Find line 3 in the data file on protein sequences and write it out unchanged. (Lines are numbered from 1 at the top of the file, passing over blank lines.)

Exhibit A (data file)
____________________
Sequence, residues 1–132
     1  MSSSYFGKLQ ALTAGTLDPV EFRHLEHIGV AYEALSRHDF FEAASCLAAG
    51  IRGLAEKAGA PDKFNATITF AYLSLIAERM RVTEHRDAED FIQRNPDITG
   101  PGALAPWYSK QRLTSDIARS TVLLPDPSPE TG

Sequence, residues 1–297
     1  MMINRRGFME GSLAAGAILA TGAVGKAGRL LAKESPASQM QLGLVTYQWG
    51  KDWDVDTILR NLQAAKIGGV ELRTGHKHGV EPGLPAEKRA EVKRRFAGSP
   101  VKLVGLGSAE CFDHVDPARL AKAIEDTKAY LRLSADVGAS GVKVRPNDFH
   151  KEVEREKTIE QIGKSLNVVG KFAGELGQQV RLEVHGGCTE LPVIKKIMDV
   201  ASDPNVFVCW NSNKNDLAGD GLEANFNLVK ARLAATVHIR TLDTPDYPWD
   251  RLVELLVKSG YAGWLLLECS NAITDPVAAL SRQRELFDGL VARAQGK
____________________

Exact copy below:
    51  IRGLAEKAGA PDKFNATITF AYLSLIAERM RVTEHRDAED FIQRNPDITG